School board member says new security tax isn’t needed

Veteran Lakota Board of Education member Todd Parnell says a new school security tax option — now allowed by state law — is not a good fit for 16,500-student school system. Parnell said the board should ignore that six other Butler County districts are forming a new taxing district to put a tax hike on the fall ballot.
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Veteran Lakota Board of Education member Todd Parnell says a new school security tax option — now allowed by state law — is not a good fit for 16,500-student school system. Parnell said the board should ignore that six other Butler County districts are forming a new taxing district to put a tax hike on the fall ballot.

A Lakota Local Schools board member said district officials are headed in the right direction by initially rejecting a new Ohio school tax hike option to pay for building security.

Lakota Board of Education member Todd Parnell said he wants Butler County’s largest school system to reject the idea of joining six other local districts in asking voters for a school levy to fund more school security.

Explore MORE: New school security tax option has some Butler County districts planning to ask for tax hike

Earlier Lakota Schools Treasurer Jenni Logan explained to officials with the overseeing Butler County Educational Services Center (BCESC) that Lakota is undecided about joining the creation of a new county school financing district.

Six of Butler County’s 10 public school districts have to date indicated they will ask their residents to approve a 10-year, 1.5-mill tax hike in the fall.

Districts so far supporting the school levy are: Fairfield, Hamilton, Ross, Edgewood, New Miami and Monroe.

Opposing are: Middletown, Talawanda and Madison.

Logan said she needed more time to discuss the possibility with Lakota board members.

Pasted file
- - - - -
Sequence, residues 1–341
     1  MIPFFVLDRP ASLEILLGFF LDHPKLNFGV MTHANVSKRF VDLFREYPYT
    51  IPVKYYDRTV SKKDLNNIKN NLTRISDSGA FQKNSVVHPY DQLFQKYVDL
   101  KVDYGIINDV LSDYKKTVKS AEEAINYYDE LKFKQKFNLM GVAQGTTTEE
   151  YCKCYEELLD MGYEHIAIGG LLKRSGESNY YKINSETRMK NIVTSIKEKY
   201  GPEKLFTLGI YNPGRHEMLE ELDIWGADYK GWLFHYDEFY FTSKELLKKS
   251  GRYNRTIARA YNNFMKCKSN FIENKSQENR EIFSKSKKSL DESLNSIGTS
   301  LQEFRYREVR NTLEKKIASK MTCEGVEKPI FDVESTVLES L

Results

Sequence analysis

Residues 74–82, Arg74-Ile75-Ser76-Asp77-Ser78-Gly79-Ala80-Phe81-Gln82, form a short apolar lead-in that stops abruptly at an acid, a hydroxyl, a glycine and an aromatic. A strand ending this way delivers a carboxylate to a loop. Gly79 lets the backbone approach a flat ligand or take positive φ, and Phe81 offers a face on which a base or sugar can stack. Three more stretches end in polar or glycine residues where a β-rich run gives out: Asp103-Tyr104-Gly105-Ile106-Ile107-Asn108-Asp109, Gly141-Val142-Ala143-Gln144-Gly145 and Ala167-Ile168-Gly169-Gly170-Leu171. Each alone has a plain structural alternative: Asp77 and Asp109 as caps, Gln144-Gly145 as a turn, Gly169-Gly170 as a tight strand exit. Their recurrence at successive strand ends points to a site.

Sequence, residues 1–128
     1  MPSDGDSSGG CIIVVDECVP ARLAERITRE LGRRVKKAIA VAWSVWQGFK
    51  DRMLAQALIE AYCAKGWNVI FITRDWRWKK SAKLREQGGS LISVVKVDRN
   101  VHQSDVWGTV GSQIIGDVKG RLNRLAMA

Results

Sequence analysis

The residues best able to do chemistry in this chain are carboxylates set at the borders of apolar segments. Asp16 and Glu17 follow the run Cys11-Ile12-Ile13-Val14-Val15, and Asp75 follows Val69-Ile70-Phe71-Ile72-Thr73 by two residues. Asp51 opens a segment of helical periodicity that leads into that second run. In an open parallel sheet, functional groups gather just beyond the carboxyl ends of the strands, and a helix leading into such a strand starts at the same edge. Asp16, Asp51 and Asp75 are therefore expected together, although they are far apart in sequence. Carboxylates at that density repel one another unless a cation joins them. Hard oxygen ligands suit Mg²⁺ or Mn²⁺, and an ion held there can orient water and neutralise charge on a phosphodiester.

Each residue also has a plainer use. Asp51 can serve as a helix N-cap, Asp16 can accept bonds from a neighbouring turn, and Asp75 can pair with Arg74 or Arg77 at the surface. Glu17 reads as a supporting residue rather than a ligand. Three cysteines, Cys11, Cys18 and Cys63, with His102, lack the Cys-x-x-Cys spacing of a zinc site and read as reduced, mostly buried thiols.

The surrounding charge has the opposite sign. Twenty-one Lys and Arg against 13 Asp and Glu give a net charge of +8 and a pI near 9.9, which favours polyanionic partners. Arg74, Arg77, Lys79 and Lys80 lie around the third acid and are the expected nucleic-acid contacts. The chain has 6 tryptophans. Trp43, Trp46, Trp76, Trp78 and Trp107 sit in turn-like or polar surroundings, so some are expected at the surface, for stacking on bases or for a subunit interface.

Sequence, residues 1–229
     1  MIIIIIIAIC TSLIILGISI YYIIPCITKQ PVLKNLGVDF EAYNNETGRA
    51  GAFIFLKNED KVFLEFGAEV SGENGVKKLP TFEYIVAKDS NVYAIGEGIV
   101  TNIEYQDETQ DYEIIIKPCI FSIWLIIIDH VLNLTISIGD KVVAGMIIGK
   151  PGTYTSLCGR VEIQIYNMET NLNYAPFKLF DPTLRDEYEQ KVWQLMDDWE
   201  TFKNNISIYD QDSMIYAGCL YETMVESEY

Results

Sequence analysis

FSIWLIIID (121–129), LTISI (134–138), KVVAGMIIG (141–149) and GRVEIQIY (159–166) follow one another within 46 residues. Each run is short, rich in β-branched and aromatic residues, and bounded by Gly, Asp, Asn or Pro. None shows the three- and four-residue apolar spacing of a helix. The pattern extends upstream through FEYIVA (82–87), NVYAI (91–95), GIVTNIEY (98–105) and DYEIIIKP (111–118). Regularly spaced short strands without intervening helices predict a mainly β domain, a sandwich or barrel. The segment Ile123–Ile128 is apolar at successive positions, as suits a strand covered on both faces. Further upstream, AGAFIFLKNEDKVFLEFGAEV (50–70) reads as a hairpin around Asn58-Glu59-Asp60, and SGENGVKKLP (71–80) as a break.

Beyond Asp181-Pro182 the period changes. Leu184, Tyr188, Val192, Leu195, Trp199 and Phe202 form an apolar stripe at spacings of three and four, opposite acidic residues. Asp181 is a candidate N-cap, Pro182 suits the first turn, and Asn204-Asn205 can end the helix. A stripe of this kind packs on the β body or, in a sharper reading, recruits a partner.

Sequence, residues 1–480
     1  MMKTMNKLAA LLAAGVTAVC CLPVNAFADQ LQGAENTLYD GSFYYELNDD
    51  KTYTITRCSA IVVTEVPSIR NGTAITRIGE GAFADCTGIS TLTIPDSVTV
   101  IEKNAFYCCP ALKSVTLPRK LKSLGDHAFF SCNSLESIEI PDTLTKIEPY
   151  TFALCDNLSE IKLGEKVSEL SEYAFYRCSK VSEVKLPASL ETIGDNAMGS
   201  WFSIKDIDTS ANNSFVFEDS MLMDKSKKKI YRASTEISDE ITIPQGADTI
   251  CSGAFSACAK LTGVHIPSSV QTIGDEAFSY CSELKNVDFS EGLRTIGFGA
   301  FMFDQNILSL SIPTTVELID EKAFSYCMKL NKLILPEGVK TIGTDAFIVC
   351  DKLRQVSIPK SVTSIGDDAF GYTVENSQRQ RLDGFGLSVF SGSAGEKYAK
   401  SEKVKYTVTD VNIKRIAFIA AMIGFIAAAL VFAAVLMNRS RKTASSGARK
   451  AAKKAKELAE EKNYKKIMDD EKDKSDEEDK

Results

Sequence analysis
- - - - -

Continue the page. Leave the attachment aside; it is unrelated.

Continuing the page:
Explore MORE: New state option allows local schools to go to voters for school security tax hike

The five-member Lakota board meets next on June 28, just two days before the June 30 deadline to join the pro-tax group. Under the new law, Lakota would have vote to opt out of the tax option by a simple majority if that is the direction it chooses to go.

The new school security taxing option, which went into effect statewide in March, is being fast-tracked by BCESC officials to meet the state’s filing deadline of Aug. 8 for placement on the November ballot.

Parnell said that rapid pace of putting the school levy on the ballot is just one of the reasons why he opposes asking Lakota taxpayers for more money for school security. The other, larger reason is that Lakota doesn’t need the money, he said.

Explore MORE: Butler County Sheriff pressures school districts to move faster on upgrading security

“We are already paying too much (tax) money and we do not need to go back to the taxpayers for more money,” said Parnell, who has a record of fiscal conservatism that has sometimes clashed with fellow board members in the past.

He said Lakota officials have reported a large budget surplus and the district is projected to be financially solvent in the coming years.

Parnell said student safety is the highest priority, but added that Lakota is already outpacing most other local districts in having armed school police officers patrol its 22 buildings as well as installing high-tech security devices and procedures.

Moreover, he said, voters already approved a tax hike in 2013 whose campaign selling points included using millions of dollars raised by the tax to enhance school building safety.

“We haven’t discussed this as a board, but we don’t need to be part of this levy. I’ve talked to a large number of community members and I have not found one person in favor of this thing,” said Parnell.

Fairfield City Schools Superintendent Billy Smith said the initial split between local districts backing the new tax and those who don’t — at least so far — isn’t surprising.

“We all have different needs,” said Smith.

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